Science Startups meet at Le Web 2014

Axon

Since becoming Elsevier’s VP of Strategy, Mendeley Co-founder and CEO Victor Henning has been up to a lot of exciting stuff. Here he tells us a bit about his latest project, Axon, which is stirring things up by bringing together the best and brightest new startups in the fields of Science and Research at Le Web 2014.

Over the last few years, I have watched something interesting happen in the world of science: Tech startups and VCs suddenly care about scientists. Strangely, this wasn’t always the case.

When the World Wide Web was invented at CERN, its original purpose was to help manage and share scientific information about particle accelerator experiments. Yet, with the exception of a few search engines, document repositories, and journal databases, the web remained barren of well-designed tools and applications engineered for scientists.

Instead, the last 15 years witnessed the explosion of the consumer web and mobile apps, fueled by advertising revenue. Jeff Hammersbacher, an early Facebook data science employee (and now founder of Cloudera), summed it up as:

“The best minds of my generation are thinking about how to make people click ads. That sucks. If instead of pointing their incredible infrastructure at making people click on ads, they pointed it at great unsolved problems in science, how would the world be different today?”

How indeed? We might be watching hilarious cat gifs on the screens of our flying cars.

Around 2008, things started to change: A small wave of bootstrapped startups began building document management tools, social networks, and recommendation engines for scientists. Among them was Mendeley, my own company. Grown out of our own frustrations as researchers, my co-founders and I built Mendeley to make science more open, more efficient, and more collaborative. Getting started wasn’t easy – many VCs turned us down because they saw research as a “niche”. We nonetheless managed to convince a couple of angel investors (among them the founders of Skype) to invest in us.

After launching in 2009, we came to LeWeb to participate in the startup competition. I have the fondest memories of the event – a freezing, pre-Christmas Paris in December, and Dave McClure, the famously foul-mouthed Silicon Valley angel investor, tweeting his sexual arousal at seeing our pitch:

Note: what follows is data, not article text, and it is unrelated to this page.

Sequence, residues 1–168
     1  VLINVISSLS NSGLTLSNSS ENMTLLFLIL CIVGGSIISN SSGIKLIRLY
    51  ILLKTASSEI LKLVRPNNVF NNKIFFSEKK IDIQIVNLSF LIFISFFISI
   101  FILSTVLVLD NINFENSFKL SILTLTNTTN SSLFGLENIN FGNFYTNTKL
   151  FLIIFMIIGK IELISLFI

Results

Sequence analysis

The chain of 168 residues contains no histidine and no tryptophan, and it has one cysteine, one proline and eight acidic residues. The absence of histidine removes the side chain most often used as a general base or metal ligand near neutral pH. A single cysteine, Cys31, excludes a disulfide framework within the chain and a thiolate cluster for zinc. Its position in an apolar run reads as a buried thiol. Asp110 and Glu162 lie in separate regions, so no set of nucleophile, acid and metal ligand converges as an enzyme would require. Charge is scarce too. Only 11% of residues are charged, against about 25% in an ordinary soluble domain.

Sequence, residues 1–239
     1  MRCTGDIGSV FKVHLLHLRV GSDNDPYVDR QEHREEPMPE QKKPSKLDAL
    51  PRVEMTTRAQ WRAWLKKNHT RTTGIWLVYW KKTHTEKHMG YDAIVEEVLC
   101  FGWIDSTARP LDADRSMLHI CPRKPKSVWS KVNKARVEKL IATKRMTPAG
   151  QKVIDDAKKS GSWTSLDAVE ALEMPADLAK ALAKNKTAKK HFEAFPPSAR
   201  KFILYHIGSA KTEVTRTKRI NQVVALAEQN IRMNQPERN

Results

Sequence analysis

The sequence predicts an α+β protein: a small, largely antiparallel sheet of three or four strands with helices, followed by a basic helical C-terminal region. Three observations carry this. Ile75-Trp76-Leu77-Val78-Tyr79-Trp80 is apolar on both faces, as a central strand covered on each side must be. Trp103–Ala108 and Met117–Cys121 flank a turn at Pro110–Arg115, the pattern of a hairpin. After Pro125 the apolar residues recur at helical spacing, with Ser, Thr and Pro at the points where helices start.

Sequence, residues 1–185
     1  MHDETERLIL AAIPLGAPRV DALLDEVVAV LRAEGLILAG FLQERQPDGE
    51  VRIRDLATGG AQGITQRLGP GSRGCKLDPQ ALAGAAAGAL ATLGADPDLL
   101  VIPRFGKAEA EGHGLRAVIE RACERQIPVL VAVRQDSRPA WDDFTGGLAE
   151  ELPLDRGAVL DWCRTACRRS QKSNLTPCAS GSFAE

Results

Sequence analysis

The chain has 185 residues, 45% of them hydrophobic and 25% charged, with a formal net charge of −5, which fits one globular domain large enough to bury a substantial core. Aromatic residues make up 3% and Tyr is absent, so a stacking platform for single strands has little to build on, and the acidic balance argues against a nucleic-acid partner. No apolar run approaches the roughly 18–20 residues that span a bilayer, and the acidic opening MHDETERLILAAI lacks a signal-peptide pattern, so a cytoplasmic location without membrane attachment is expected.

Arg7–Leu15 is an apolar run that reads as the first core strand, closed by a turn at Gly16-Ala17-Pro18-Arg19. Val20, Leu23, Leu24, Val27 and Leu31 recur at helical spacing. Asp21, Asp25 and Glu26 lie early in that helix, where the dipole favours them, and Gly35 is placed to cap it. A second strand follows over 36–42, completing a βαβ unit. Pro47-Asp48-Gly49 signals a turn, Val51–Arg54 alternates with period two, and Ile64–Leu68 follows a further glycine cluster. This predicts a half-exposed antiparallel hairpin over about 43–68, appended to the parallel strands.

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Events like LeWeb helped put us on the map with international investors, press, and potential users. From there, Mendeley grew to a research platform connecting more than 3.5 million researchers in 180 countries, with institutional customers like Stanford, Harvard, and MIT. In April 2013, we were acquired by Elsevier, the world’s largest publisher of science and health information.

Without wanting to claim undue credit, quite a few Ph.D. students and Postdocs who became entrepreneurs themselves have told me that Mendeley was an inspiration for them: It proved that tools for researchers could go from garage to global audience, and it proved to potential investors that the “niche” could also deliver sizeable exits.

We are now seeing the emergence of a second wave of venture-backed research startups, offering a much wider range of scientific workflow tools. They help scientists keep electronic versions of lab notebooks, organize and share experimental data, order lab materials, write papers collaboratively, outsource experiments to other labs and to the cloud, get credit for peer reviews, launch their own journals, and even raise crowdfunding for their research projects.

It’s time to give this movement more visibility. Elsevier and LeWeb 2014 are teaming up to run a half-day event called Axon@LeWeb (in case you’re wondering – in the brain, axons are the fibres that carry impulses from neurons to other nerve cells). We want to bring together the most exciting science and research startups – the ones that build tools for the best minds of our generation, to help them crack those great unsolved problems.